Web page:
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Political Ads Are the Main Focus, but Other Industries Must Follow the Rules

Picture this: You are scrolling through Meta (or Facebook, if you still want to call it that…) and see a political ad. 

A gravelly voice over accuses a certain Opposing Candidate of signing a law that had a terrible impact on a certain population of people. 

A bleakly colored medium-wide shot shows a group belonging to said population of people. Cut to regular medium shots, close-ups, extreme close-ups, canted angles, fisheye lens coverage of people with tears streaming down their face because of the signing of the law in question.

The voiceover gently tugs at your heartstrings as it sings the virtues of the advertisement’s chosen candidate, urging you to vote for this candidate over the opposing candidate.

But here’s the thing: A.I. generated the shots of those suffering people. The people were A.I.-generated. There may be such a group of people out there in your country, but the people you saw in that ad were not real. 

Rather, someone generated them solely to tug at your heartstrings.

Meta, née Facebook, has recently announced a set of guidelines for political ads that employed A.I. in their creation

But something to understand is that these AI transparency rules extend beyond the political realm to a number of industries. 

Meta Is Requiring AI Transparency in Political Advertising

The basic rule is that if a political ad depicts A.I.-generated events or people, the advertiser must disclose this fact.

This rule takes effect in 2024. Another aspect of it is that political advertisers cannot use Meta’s own generative A.I. tools to create political or social issues ads, according to the New York Times

The NYT also reports that, additionally, Meta A.I. cannot generate any ad “related to housing, employment, credit, health, pharmaceuticals, or financial services.”

However, they can still be generated using something like DALL-E. The catch, of course, is that you need to still disclose the use of A.I. in creating the advertisement.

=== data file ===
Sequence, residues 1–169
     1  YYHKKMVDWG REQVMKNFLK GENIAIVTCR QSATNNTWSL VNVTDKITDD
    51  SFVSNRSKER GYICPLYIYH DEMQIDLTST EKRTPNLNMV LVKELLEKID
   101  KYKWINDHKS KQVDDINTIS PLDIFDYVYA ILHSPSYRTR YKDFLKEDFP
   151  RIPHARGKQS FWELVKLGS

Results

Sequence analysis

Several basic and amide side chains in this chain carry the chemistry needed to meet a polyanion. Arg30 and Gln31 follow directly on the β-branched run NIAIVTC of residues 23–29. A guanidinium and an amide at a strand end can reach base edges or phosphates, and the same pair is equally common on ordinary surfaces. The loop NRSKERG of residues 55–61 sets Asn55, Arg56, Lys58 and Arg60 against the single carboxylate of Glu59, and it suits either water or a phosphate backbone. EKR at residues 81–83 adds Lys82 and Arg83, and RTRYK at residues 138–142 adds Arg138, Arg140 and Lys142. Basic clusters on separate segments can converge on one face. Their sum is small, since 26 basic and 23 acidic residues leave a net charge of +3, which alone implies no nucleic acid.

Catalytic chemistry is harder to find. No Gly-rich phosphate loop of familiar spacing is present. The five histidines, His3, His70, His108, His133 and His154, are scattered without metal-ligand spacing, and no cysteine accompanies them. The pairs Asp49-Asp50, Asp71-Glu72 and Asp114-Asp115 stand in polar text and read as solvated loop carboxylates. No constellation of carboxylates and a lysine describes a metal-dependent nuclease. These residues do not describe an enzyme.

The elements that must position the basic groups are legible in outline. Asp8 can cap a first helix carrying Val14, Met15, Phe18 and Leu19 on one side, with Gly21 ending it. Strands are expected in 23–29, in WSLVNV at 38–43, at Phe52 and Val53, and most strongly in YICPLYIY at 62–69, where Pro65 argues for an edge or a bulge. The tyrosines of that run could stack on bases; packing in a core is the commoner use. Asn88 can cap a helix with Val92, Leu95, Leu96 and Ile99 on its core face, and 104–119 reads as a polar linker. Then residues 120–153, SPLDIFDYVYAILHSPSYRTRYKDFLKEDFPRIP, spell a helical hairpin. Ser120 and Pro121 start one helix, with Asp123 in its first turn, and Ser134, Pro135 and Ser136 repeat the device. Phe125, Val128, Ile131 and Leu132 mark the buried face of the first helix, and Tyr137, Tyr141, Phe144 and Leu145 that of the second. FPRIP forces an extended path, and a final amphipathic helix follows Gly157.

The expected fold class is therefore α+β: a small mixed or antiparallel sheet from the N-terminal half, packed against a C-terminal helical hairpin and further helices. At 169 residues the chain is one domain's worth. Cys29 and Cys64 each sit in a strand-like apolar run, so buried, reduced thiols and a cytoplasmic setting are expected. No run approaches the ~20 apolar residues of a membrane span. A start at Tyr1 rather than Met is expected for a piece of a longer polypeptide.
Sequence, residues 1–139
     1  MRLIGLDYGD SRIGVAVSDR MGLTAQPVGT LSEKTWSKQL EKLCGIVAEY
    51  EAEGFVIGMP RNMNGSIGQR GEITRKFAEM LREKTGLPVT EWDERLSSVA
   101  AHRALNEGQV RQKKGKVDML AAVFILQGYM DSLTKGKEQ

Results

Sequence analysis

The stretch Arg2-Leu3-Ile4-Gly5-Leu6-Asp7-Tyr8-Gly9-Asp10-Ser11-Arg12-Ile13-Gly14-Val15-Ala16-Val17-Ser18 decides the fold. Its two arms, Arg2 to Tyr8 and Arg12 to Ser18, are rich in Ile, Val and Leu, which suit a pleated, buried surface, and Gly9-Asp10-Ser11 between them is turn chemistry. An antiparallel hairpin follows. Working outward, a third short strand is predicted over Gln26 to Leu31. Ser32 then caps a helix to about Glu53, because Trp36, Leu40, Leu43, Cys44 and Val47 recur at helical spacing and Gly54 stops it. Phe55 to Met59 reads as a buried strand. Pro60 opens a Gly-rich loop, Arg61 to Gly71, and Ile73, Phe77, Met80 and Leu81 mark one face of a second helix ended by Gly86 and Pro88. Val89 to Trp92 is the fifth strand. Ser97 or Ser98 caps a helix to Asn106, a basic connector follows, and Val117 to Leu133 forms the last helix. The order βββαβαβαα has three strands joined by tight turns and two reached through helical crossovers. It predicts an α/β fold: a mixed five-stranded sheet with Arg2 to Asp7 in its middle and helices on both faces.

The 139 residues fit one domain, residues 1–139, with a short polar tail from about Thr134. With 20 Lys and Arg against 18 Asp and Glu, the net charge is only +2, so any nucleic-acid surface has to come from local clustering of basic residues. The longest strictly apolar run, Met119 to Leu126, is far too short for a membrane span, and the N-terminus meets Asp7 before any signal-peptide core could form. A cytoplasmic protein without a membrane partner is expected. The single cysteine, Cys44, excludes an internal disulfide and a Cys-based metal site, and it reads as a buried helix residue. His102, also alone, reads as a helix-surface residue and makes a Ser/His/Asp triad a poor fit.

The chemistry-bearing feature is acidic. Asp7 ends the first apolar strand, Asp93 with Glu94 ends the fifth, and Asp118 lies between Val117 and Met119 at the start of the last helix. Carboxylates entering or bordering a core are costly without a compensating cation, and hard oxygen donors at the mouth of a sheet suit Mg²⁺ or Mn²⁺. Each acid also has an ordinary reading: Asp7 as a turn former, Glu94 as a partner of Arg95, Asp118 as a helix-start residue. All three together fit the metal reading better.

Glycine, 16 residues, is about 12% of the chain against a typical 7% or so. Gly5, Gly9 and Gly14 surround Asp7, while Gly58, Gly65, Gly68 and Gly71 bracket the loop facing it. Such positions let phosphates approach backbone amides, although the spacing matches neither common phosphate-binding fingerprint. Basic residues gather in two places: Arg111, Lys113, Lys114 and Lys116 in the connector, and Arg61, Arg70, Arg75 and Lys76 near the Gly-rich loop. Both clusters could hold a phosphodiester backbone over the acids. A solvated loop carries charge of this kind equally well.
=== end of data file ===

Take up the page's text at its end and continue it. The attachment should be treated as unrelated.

This is just in time for the 2024 U.S. election. Even during the previous election just four years ago, the potential for using A.I.-generated content in ads was not too large an issue.

We still need to see how Meta will actively enforce this rule.

The Impact AI Transparency Will Have on Business Owners

Well, if your business relates to the above-named categories quoted in the above section, this rule will already affect you in 2024.

If your business falls under any of these categories, then consider this your first heads-up that you will need to start disclosing the use of A.I. in your marketing content. 

Depending on the level of success of this rule—and, of course, public sentiment surrounding it—tech companies like Meta (which owns Instagram, mind you) may go on to require all business owners to disclose the use of A.I. in marketing. 

This means that all businesses will have to be upfront with their customer base about whether they generate the marketing content they put online using A.I.

This may not be too big of a deal if using A.I. in marketing becomes the norm—and, of course, consumers are not put off by content made by A.I.

How Will Meta Enforce AI Transparency? 

As hinted above, it is unknown how Meta will actually make companies follow these rules. 

For instance, if a company fails to report the use of A.I., and everyone is fooled, will they get away with it?

Does Meta have A.I.-detecting software that could help snuff out the use of A.I., somehow? 

These are important questions because it could mean that Meta may only superficially treat the issue of misinformation, essentially putting itself in a relationship of trust with the advertisers.

Again, as of right now, Meta may have more sophisticated methods for vetting content, but it seems like the process will mostly involve asking a “Was this ad generated by A.I.” question, where you check the yes or no box.

Depending on the penalties that businesses may face for violating the policy, business owners looking to Trojan Horse some A.I. content onto Meta will likely consider checking “yes” as the best move.

You Can Still Make Small Edits Without Disclosing

Meta’s words are kind of vague here, but if Meta does not consider A.I. content consequential to an asserted claim, then they do not have to disclose it.

Thinking of adjusting brightness or retouching a photo for the sake of making something look just superficially nicer to the eye, with no deeper or consequential motive. 

Basically, you will likely be able to get away with small edits, but it is good to play it safe if you do something large-scale with A.I. in your ad. 

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